Though I’ve only been in this home since December, I have lived in the neighborhood for longer. I continue to look for ways to get involved in my community. Because of my graduate studies and my family’s history, my interest in historic preservation has grown. I moved here because the West Side has such deep, rich history, and I want to see that celebrated. I noticed that there is no one representing District 5 on the Historic and Design Review Commission. When I reached out to my local representative, Councilwoman Shirley Gonzales, I was told the staff would get back to me. I then applied for the commission and still haven’t received a response. Our community deserves that representation, but unfortunately, that seat sits vacant in a neighborhood that may need it most.
This was discouraging, but someone suggested I get involved with the neighborhood association. I learned about their goals and have since joined the Prospect Hill Neighborhood Association. I’ve been able to collaborate with neighbors on goals for our community. Residents here are so deeply rooted in this neighborhood through generations of families, and they need to be heard and taken seriously.
Some of the challenges that face the neighborhood are safety in alleyways, public transportation access, and the availability of food. The safety issue in our alleys is one my neighbors often bring up, and it can quickly be addressed with the simple installation of streetlights to ensure visibility. Although this is a quick band-aid, all three of these issues – and many more – will take more comprehensive solutions.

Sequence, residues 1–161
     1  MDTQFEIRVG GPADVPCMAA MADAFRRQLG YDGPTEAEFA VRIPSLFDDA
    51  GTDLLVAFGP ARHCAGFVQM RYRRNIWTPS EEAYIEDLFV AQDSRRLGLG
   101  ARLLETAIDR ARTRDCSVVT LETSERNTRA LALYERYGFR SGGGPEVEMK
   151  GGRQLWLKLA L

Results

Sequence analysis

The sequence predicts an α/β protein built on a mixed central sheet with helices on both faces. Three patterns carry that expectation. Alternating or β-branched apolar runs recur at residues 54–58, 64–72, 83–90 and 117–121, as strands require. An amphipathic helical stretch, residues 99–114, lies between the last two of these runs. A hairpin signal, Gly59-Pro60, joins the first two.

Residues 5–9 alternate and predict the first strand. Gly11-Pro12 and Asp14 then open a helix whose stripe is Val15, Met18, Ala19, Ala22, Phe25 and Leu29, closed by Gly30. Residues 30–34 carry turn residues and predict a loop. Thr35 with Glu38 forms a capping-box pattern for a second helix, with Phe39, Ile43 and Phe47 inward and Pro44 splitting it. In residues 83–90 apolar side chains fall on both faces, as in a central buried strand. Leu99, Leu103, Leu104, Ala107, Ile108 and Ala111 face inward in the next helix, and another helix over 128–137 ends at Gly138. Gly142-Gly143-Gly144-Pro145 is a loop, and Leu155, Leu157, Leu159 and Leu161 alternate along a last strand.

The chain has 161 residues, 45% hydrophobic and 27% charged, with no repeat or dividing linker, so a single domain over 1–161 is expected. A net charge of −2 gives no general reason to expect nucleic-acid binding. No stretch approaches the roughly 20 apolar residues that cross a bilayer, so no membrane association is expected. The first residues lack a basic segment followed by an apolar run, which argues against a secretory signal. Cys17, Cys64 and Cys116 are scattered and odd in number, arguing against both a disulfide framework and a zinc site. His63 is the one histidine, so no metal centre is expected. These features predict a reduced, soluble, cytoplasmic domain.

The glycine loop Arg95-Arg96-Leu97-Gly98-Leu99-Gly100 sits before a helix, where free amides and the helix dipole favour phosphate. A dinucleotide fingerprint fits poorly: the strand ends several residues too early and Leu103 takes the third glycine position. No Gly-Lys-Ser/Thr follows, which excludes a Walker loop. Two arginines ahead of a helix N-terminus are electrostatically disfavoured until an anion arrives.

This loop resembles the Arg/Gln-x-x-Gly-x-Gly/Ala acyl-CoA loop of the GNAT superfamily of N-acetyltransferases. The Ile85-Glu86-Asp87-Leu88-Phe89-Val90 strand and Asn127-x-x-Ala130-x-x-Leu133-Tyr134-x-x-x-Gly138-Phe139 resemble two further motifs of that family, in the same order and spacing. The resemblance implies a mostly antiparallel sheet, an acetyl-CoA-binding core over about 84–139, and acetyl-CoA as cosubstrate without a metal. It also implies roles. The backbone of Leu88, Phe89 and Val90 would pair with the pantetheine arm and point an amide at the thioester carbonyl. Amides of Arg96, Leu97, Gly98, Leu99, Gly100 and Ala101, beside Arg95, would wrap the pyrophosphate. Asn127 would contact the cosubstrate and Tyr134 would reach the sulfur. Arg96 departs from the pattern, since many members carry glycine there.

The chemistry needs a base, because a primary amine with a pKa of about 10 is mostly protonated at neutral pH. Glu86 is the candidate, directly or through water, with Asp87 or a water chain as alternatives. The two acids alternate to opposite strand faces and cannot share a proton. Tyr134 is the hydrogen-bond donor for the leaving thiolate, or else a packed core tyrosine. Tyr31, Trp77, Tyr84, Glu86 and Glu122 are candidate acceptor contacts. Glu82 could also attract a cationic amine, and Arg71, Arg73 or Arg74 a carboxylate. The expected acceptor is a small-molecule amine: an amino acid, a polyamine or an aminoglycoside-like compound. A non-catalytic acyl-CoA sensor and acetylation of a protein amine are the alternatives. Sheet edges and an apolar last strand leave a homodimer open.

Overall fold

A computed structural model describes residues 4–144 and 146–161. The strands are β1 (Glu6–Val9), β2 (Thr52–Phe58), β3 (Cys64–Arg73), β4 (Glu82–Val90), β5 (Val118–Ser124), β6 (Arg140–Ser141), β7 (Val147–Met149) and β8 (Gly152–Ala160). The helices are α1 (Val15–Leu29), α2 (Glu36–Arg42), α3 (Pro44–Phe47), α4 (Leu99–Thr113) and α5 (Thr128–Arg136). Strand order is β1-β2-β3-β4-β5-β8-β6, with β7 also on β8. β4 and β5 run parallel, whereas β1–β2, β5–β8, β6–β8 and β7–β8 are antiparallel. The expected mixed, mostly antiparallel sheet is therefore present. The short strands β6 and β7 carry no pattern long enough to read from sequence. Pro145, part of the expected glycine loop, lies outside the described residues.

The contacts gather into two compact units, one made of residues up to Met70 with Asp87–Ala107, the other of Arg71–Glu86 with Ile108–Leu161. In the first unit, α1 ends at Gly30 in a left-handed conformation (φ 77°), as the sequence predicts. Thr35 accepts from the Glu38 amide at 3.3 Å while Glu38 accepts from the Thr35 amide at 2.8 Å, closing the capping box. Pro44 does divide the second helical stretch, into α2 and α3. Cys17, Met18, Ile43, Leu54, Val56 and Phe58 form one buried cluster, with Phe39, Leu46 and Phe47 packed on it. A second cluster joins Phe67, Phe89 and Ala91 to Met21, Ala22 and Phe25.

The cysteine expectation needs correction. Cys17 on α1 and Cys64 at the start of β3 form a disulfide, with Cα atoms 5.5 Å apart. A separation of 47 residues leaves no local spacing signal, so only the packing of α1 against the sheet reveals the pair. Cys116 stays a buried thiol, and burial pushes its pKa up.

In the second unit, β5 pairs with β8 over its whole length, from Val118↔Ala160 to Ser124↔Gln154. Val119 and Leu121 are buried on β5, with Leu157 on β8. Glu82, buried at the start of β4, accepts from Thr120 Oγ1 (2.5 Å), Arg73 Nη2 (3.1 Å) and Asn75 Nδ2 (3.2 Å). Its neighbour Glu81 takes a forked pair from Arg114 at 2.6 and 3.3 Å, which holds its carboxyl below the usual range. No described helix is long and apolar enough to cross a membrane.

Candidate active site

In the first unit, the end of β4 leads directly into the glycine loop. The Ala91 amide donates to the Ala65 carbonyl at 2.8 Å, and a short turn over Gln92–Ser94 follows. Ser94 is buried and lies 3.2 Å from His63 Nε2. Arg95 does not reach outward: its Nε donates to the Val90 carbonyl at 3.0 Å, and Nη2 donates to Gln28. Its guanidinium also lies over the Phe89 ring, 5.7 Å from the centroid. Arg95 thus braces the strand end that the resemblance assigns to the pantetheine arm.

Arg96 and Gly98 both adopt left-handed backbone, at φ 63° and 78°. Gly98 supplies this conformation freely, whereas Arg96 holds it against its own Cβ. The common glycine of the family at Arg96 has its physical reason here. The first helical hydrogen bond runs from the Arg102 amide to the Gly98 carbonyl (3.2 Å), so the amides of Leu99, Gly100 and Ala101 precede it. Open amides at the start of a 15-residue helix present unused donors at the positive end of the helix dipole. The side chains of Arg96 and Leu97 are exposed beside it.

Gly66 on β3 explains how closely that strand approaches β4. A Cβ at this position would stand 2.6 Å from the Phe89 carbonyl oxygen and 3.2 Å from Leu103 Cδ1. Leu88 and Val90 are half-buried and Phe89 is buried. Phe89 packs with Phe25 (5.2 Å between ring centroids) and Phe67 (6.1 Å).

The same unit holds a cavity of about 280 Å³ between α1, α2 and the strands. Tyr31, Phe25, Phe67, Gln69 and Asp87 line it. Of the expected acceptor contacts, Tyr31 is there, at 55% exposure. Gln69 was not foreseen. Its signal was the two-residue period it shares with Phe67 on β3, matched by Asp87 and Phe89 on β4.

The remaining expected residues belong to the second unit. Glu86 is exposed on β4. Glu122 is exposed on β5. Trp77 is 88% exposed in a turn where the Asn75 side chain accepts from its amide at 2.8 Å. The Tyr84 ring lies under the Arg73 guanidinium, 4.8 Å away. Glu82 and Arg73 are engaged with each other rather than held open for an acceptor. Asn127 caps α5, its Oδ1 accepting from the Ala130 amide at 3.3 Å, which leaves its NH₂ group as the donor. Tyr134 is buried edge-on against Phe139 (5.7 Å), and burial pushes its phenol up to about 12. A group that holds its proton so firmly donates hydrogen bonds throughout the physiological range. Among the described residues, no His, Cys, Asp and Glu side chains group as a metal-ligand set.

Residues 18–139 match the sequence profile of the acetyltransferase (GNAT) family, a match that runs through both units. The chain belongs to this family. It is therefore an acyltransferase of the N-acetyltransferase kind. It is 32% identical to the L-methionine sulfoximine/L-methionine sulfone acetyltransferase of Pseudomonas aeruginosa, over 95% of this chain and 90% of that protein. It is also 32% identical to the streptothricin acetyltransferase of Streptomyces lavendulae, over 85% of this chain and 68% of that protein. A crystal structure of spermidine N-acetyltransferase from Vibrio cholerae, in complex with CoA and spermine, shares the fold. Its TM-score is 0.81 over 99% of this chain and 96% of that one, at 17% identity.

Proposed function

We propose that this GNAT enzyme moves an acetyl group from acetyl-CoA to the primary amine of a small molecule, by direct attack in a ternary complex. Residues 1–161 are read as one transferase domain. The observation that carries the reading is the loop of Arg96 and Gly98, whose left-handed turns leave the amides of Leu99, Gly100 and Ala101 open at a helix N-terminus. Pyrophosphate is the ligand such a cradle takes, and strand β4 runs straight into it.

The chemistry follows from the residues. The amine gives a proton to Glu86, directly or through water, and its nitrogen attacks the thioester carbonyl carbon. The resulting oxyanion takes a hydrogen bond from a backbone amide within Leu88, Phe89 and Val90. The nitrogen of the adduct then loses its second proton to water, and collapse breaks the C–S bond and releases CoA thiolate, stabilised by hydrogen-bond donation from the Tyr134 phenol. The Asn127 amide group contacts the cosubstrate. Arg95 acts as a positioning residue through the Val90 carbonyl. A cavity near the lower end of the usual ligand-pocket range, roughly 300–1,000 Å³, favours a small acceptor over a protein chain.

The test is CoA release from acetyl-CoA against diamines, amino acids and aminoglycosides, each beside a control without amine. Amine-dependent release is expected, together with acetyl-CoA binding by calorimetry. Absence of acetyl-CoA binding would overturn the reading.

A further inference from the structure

The homes in Prospect Hill are not always the most charming when you look at their physical appearance (according to others), but what they do have is a lifetime of stories. Not everyone is fortunate to have a home with extensive repairs done like mine, but programs like the Under One Roof program created by Councilman Roberto Treviño have affected so many homes. The smallest adjustment can make the most significant difference. This program also helps many reduce electric bill costs, which at a time like this is so important. I hope we see investment in more programs like this. Sometimes a new roof or a fresh paint coat can turn someone’s perspective right around.
There’s been talk about bike lanes in San Antonio, but I don’t see focus on the West Side. You’ll see someone on a bike with an ice cream cart or pulling a lawnmower behind them, so it’s not just transportation, it’s their livelihood in some cases. There’s so much more need for mobility here. We have wide roads to accommodate bike lanes and more frequent buses for our residents. Many of our residents are essential workers depending on these modes of transportation to get to and from work. It’s important to expand these modes of transportation and not reduce them, and we have a chance to do that come November with the one-eighth-cent sales tax vote.
I have so much love for the West Side and want to see it thrive, so it was important for me to get involved in any way I could. If I had to describe my neighborhood with two words, they would be: historical and generational. The history and culture of this part of town run deep, and the people here, myself included, are proud of where they live.